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8 Little-Known Facts About Chernobyl

Clare Fitzgerald
Photo Credit: 1. IAEA Imagebank / Wikimedia Commons CC BY-SA 2.0 2. Slawojar / Wikimedia Commons CC BY-SA 3.0

Chernobyl is known as history’s biggest nuclear disaster. On the morning of April 26, 1986, one of the plant’s reactors exploded, triggering a massive fire and a radioactive cloud that not only spread across northern Ukraine and the surrounding Soviet states, but as far as Sweden.

It was the subject of a 2019 HBO miniseries and is a tourist attraction for adventure-seekers looking to explore the irradiated and abandoned Exclusion Zone. Here are some facts you might not have known about the incident.

1. Chernobyl didn’t have a containment building

Those working in the nuclear industry know just how important containment structures are. Despite this, the Chernobyl plant didn’t have one, likely worsening the effects of the explosion.

Chernobyl power plant

Chernobyl power plant (Photo Credit: David Holt / Wikimedia Commons CC BY-SA 2.0)

A containment structure is a dome-shaped building made of steel-reinforced concrete. Its purpose is to confine fission products that could potentially be released during an accident. Since Chernobyl was without one, it meant the nuclear particles couldn’t be contained.

2. The reactor made nuclear material more reactive, not less

Chernobyl used Soviet-made RBMK-1000 reactors. They use graphite to hold the nuclear core’s reactivity in check and keep a continuous reaction occurring. The design has since been deemed inherently flawed by those in the industry.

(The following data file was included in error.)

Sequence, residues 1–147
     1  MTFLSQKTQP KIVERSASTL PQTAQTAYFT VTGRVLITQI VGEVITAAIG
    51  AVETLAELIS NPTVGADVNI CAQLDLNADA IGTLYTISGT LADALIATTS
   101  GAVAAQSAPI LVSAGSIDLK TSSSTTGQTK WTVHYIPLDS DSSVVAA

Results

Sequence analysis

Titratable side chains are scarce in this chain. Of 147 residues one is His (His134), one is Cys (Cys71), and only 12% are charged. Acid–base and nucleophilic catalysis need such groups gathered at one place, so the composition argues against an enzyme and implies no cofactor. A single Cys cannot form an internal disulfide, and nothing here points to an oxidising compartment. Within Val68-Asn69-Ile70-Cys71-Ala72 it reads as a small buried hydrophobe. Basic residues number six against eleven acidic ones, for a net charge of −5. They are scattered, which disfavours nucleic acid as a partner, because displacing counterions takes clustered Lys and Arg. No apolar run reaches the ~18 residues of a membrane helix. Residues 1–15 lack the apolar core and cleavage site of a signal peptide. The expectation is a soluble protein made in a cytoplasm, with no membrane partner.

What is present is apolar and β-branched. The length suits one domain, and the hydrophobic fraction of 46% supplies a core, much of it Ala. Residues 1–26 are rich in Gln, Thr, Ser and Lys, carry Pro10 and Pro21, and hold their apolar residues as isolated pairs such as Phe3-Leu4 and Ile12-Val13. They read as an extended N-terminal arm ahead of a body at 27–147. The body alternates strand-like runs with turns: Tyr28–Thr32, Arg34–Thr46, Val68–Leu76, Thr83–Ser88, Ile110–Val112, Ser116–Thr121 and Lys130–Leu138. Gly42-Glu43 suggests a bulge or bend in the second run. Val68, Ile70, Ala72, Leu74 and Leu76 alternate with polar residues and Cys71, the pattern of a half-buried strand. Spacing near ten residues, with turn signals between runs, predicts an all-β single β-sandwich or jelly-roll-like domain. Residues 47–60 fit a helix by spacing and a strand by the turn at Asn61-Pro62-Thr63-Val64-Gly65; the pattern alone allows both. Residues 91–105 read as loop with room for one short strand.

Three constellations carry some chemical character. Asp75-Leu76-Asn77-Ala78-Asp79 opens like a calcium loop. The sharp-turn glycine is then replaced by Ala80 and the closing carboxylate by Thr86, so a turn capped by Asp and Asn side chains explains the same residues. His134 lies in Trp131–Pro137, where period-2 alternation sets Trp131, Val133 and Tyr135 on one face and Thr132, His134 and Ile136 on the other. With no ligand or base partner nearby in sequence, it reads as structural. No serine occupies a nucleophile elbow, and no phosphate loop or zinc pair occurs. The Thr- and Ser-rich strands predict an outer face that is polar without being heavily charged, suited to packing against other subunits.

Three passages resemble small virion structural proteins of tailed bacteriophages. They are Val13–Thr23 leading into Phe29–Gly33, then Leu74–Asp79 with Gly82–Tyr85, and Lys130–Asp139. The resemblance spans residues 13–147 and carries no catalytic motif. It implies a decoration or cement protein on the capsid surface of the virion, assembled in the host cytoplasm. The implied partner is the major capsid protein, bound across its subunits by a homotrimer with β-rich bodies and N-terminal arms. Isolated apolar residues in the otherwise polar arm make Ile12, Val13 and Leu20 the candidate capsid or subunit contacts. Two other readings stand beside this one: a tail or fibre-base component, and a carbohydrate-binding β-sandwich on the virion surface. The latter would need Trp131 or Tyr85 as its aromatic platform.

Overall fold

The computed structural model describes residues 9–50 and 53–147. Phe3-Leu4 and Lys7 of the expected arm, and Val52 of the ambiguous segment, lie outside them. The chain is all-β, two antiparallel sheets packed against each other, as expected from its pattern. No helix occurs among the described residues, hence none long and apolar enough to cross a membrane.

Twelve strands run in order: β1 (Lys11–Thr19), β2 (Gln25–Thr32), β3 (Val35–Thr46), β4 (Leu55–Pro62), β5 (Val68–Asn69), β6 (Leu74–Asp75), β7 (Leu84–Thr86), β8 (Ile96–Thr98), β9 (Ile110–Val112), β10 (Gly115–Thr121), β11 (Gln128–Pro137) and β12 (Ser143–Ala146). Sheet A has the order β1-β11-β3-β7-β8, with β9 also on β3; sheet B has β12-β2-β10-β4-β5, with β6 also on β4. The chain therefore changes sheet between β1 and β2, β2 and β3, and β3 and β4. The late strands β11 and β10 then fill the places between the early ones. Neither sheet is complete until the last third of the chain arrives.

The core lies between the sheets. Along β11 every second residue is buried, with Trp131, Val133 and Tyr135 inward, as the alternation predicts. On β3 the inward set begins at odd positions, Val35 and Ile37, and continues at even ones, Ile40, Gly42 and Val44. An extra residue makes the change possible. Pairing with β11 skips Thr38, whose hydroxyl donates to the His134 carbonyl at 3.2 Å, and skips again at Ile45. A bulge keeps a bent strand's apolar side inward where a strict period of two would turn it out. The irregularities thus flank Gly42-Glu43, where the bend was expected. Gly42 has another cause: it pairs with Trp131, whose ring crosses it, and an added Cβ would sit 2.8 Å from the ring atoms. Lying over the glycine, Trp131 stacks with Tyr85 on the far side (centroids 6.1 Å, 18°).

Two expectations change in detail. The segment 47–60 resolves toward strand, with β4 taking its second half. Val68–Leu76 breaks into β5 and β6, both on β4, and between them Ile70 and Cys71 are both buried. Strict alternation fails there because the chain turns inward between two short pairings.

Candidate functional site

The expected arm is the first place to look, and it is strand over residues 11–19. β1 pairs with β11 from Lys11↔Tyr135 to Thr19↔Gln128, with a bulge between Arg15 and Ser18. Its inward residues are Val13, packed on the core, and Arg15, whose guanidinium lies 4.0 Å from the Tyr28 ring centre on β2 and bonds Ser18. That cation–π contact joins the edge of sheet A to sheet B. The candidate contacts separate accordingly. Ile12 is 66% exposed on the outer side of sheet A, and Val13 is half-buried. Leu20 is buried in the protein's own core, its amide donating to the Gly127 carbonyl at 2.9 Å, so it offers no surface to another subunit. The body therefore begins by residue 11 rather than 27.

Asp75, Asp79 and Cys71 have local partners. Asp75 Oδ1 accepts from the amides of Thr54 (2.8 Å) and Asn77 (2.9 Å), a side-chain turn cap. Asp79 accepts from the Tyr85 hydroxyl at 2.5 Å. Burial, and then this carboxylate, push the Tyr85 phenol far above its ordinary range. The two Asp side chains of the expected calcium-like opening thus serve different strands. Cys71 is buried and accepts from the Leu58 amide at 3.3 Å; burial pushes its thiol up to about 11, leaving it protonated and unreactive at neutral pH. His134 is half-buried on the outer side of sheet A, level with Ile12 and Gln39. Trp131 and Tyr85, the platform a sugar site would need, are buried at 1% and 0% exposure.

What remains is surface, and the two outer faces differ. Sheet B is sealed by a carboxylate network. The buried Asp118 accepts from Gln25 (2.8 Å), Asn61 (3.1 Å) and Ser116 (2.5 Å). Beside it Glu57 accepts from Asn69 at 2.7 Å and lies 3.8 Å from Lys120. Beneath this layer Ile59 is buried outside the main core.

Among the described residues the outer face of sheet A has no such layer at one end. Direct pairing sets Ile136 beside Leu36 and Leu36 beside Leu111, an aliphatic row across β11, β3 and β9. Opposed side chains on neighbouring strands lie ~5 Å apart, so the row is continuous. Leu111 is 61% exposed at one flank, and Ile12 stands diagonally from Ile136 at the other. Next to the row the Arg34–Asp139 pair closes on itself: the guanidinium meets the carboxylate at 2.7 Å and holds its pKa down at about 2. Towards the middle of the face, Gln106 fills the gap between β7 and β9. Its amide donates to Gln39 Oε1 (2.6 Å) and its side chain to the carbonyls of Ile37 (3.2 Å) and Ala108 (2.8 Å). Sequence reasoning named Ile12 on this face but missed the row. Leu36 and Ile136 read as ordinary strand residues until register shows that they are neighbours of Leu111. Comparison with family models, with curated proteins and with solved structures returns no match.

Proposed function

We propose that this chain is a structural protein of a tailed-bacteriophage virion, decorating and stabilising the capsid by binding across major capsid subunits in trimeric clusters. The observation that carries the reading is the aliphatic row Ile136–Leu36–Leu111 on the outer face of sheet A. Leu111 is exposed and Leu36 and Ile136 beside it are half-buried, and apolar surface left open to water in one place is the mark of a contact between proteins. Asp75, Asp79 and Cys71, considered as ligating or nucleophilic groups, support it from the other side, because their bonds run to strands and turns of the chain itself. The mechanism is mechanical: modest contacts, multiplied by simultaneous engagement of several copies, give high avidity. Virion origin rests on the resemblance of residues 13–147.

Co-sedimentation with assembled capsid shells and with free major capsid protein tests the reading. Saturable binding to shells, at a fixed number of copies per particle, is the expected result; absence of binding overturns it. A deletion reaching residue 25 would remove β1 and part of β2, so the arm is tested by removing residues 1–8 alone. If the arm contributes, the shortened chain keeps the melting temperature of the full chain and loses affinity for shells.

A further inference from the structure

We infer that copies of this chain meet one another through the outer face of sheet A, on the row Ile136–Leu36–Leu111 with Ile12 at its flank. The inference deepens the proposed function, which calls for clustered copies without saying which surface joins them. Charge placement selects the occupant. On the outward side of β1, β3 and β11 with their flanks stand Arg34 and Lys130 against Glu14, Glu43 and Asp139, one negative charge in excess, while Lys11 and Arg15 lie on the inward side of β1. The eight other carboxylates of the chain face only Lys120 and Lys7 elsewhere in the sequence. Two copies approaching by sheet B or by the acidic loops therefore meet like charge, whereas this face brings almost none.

Instead of using water as a coolant to moderate the core’s reactivity through the removal of excess heat and steam, it uses enriched U-235 dioxide fuel to heat the water. This creates steam, which drives the reactors’ turbines and creates electricity.

Chernobyl power plant seen from space

Chernobyl power plant, as seen from space (Photo Credit: Alexander Gerst / Wikimedia Commons CC BY-SA 2.0)

The safety test that triggered the explosion was the result of the core heating and producing more steam. This made it more reactive, creating a positive feedback loop often referred to as a “positive-void coefficient.” Plant workers couldn’t control the resulting power surge, and it was found the excess amount of steam is what initiated the first explosion.

3. Most died from the effects of radiation, not the initial explosion

Two workers are confirmed to have died as a direct result of the explosion. The majority — workers, first responders, and civilians alike — died in the weeks and months after due to radiation poisoning. Within three months of the incident, 28 individuals had succumbed to radiation exposure, while one died of a heart attack.

Monument dedicated to Chernobyl's first responders

Chernobyl Liquidators Monument (Photo Credit: Petr Pavlicek / Wikimedia Commons CC BY-SA 2.0)

Later studies show that in the 20 years following the accident, only 19 late-adult deaths were presumed to be the result of radiation poisoning. According to Forbes, this is within the normal cancer mortality rate of 1% per year for that group.

4. Radiation exposure led to increased rates of thyroid cancer

The amount of radiation survivors were exposed to resulted in an increased rate of thyroid cancer among children and teenagers approximately five years after. While there were 20,000 diagnosed cases between 1991 and 2005, the overall cancer death rate and other direct effects were lower than initially theorized.

Parents brought their children to foreign doctors in the years following the Chernobyl disaster

Parents from radiation-contaminated areas traveled abroad to seek medical treatment for their children (Photo Credit: IAEA Imagebank / Wikimedia Commons CC BY-SA 2.0)